Thursday, September 14, 2017

Painting Over Our Sins


Realizing that their father was dead, Joseph’s brothers said, “What if Joseph still bears a grudge against us and pays us back in full for all the wrong that we did to him?” So they approached Joseph, saying, “Your father gave this instruction before he died, ‘Say to Joseph: I beg you, forgive the crime of your brothers and the wrong they did in harming you.’ Now therefore please forgive the crime of the servants of the God of your father.” Joseph wept when they spoke to him. Then his brothers also wept, fell down before him, and said, “We are here as your slaves.” But Joseph said to them, “Do not be afraid! Am I in the place of God? Even though you intended to do harm to me, God intended it for good, in order to preserve a numerous people, as he is doing today. So have no fear; I myself will provide for you and your little ones.” In this way he reassured them, speaking kindly to them. Genesis 50:15-21

Forgiveness heals. It does. I know it from experience, and I know it from study. I have seen its salutary effect on people as individuals, and its effects on people in relationship. By extension, I have seen its profound effect on community as well. When real forgiveness pervades a community, then remarkable grace is evident, vital and trans-formative. Why? Because as long as the process of forgiveness is in abeyance, then nothing can happen. We get stuck: Stuck in relationships, stuck in our walk in the world, stuck with God.

Without forgiveness, we can't move forward. If we can't move forward, then we enter stasis. That static state? The word comes from the Greek word for death, being dead. It is the true state where no change is possible, not any more. Stagnation, lack of forward movement, means the death of trust, or relationship, of self.

So, we get a choice, as we always do in this existence. Jesus lays it out for us, as does the continual exhortation of a loving God throughout all salvation history. Before us is a way of life, and a way of death. Choose life, says God.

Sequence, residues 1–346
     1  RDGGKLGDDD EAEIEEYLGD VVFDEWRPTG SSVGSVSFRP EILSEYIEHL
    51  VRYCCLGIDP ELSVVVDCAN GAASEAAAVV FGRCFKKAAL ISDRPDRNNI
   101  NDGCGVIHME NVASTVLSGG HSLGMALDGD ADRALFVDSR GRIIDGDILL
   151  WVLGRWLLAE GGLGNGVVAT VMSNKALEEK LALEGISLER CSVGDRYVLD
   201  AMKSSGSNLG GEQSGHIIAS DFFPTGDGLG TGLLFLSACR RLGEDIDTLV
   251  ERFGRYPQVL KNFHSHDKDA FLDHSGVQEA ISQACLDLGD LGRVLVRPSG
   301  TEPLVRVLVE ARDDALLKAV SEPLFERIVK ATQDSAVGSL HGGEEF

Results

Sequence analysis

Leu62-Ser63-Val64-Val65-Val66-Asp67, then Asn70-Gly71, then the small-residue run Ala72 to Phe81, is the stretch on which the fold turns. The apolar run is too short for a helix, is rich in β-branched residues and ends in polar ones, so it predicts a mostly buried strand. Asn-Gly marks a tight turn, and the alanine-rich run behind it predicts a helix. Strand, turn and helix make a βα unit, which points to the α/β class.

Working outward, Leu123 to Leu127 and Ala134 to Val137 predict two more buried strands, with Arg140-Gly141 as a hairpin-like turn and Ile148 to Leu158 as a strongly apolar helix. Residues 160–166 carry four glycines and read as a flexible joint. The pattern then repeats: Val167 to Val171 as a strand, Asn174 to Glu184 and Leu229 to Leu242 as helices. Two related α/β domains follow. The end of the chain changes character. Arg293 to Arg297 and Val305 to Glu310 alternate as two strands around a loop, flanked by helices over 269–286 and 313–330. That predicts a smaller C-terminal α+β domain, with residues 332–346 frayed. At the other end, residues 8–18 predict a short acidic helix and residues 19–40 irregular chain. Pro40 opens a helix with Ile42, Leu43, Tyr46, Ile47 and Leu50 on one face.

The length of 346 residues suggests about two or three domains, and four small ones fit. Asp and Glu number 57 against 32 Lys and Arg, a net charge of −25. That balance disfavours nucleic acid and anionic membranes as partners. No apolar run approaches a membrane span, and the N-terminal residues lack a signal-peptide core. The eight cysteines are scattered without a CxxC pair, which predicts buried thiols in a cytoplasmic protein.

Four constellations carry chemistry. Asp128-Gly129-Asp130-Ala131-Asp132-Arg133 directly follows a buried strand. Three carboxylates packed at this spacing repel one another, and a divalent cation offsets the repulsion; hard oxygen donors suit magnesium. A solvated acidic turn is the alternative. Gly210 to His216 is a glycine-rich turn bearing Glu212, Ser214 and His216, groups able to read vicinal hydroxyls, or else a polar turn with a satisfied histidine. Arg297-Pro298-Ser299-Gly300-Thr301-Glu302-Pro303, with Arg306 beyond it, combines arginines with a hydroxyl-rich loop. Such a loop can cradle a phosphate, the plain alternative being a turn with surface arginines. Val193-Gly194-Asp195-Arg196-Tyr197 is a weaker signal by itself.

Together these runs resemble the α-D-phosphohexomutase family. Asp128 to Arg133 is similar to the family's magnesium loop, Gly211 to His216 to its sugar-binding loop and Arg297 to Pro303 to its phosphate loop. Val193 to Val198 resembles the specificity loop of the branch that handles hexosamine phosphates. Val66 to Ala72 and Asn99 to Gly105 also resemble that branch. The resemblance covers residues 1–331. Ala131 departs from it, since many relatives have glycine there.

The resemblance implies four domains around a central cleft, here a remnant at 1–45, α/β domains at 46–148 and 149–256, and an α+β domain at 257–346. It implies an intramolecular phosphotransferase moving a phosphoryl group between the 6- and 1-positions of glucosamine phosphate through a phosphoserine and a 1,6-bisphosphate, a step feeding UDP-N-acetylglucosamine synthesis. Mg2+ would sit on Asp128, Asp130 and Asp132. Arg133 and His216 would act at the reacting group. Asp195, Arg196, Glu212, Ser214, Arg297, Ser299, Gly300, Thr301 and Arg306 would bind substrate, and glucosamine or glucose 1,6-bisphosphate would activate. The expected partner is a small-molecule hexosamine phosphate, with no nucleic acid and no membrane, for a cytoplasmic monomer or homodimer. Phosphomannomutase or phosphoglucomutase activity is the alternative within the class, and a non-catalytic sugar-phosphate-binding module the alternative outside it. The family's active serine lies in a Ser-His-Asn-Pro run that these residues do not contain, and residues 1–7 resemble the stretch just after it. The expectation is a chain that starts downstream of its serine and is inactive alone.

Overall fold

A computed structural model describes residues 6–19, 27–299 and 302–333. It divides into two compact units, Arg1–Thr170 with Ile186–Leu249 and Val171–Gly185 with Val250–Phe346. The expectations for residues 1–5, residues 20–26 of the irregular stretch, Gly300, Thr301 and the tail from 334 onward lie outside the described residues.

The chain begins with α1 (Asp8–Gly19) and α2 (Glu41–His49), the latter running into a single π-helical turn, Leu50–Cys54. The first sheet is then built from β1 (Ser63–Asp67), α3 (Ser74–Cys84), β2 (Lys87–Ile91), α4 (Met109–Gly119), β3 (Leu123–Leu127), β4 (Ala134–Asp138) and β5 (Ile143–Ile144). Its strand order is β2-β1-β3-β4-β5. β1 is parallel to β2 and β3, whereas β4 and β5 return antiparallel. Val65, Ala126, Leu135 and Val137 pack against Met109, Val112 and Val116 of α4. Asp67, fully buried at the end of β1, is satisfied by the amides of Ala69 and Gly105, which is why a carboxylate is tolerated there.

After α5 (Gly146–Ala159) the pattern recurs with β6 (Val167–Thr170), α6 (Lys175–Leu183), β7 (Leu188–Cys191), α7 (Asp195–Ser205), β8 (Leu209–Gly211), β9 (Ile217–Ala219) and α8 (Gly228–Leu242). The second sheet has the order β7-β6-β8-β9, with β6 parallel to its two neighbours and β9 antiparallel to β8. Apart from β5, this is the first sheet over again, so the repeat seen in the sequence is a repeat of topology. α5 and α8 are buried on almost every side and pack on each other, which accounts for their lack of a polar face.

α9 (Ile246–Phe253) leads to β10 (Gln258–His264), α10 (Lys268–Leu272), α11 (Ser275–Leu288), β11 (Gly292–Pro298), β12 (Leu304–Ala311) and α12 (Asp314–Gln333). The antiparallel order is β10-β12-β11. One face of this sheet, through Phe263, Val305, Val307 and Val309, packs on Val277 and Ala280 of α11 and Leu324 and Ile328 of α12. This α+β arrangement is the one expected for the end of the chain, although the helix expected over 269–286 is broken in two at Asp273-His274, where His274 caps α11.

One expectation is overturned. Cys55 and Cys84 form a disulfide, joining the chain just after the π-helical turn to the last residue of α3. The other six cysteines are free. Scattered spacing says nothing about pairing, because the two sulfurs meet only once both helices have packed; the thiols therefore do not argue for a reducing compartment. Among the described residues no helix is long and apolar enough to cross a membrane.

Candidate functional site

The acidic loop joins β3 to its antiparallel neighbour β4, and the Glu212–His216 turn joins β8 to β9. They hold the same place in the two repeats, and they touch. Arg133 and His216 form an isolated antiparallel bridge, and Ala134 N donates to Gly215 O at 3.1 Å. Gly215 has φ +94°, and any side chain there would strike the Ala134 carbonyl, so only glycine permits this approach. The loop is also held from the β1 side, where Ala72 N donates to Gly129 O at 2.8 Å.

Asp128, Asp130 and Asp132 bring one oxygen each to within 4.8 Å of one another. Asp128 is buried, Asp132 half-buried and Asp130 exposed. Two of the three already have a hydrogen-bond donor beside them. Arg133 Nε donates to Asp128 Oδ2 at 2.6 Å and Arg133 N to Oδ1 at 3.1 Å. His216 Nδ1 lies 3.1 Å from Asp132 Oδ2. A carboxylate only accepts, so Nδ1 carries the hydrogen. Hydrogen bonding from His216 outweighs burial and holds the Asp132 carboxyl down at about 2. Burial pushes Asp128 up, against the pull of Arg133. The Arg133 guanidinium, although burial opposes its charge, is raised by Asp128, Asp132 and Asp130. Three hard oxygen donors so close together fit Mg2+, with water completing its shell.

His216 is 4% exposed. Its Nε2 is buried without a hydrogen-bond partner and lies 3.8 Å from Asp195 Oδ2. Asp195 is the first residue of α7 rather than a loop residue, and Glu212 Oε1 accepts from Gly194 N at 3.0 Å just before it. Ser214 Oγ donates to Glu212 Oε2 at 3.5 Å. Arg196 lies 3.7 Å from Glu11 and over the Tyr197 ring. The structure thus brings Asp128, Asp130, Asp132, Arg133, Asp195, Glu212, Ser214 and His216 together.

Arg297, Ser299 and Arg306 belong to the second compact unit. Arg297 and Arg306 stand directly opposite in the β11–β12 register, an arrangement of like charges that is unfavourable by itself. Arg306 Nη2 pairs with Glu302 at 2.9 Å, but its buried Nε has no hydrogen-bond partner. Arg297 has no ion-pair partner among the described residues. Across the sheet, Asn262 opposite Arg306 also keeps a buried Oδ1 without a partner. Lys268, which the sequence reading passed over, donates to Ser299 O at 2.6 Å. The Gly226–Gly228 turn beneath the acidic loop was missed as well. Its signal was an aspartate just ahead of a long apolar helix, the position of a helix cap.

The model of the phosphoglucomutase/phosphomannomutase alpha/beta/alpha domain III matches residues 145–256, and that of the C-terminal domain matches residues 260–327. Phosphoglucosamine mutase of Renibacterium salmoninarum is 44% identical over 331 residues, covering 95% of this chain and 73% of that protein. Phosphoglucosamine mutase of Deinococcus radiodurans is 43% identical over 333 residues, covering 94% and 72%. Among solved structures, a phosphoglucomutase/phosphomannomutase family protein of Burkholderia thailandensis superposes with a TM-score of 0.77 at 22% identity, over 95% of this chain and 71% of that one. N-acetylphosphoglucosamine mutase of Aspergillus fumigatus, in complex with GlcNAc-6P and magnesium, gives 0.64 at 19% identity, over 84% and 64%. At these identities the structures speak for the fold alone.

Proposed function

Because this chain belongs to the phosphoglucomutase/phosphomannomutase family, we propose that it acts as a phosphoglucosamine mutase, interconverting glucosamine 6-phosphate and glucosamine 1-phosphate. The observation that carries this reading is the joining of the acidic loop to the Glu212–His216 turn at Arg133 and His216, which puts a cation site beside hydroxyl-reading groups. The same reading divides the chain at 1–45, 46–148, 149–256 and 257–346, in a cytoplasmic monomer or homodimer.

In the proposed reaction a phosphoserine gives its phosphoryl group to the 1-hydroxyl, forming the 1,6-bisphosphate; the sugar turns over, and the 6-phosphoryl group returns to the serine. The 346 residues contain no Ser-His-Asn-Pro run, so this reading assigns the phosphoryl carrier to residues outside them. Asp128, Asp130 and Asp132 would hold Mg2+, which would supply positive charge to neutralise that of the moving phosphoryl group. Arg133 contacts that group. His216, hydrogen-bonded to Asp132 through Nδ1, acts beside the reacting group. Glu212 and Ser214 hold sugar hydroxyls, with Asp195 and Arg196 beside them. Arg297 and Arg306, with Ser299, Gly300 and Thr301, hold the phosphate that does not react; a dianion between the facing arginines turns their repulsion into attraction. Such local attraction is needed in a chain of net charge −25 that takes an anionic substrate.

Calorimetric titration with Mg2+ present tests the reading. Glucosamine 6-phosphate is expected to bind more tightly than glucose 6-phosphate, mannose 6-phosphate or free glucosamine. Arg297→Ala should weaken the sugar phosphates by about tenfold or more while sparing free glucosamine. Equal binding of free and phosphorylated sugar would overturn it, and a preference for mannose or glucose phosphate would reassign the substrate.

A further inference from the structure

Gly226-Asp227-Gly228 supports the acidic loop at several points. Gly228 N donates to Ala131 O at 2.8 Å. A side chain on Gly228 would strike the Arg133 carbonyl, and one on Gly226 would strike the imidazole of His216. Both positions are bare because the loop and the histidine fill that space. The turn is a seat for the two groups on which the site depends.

That means being willing to let go of some things. It also means being willing to take on some things that are daunting.

It means letting go of certainty, of being certain that forgiveness is the end result of some transaction between two parties that offers any sort of quid pro quo. Forgiveness doesn't do anything to any sum found at the foot of any balance sheet. That can be challenging, because most of us carry along a ledger that is just full of things that we KNOW people need to atone for in order to heal our brokenness, or our broken relationships. But atonement, or really redress, for wrongs done is not forgiveness. It is at best restitution...and that in the end is just a transfer of debt from one party to another. Nothing in the end is really resolved.

Real forgiveness is a one-party expression. At its best, it is OUR release of debts that we carry against another. It is a release of a burden we lug along behind us, one that drags and pulls us apart while we maintain that it is not ours, but another's responsibility. It is rewinding and replaying a tape that plays a scratchy recording of remembered offenses, over and over on repeat, of a tune whose author has long since forgotten how to play but whose collector has preserved for the sake of resentful posterity.

Of course we struggle with asking for forgiveness, especially when we KNOW we have done another wrong. Of course, we struggle with offering forgiveness, because it renders us vulnerable to being hurt again by the same person/people in perhaps the very same way we were wounded in the first place! Why? Because we fear the true and inevitable repetition of hurt and wounding that is a part of being in relationship with each other, and even with God. Even if we forgive, we KNOW that there will be another wounding, and we KNOW that forgiveness will be required of us again.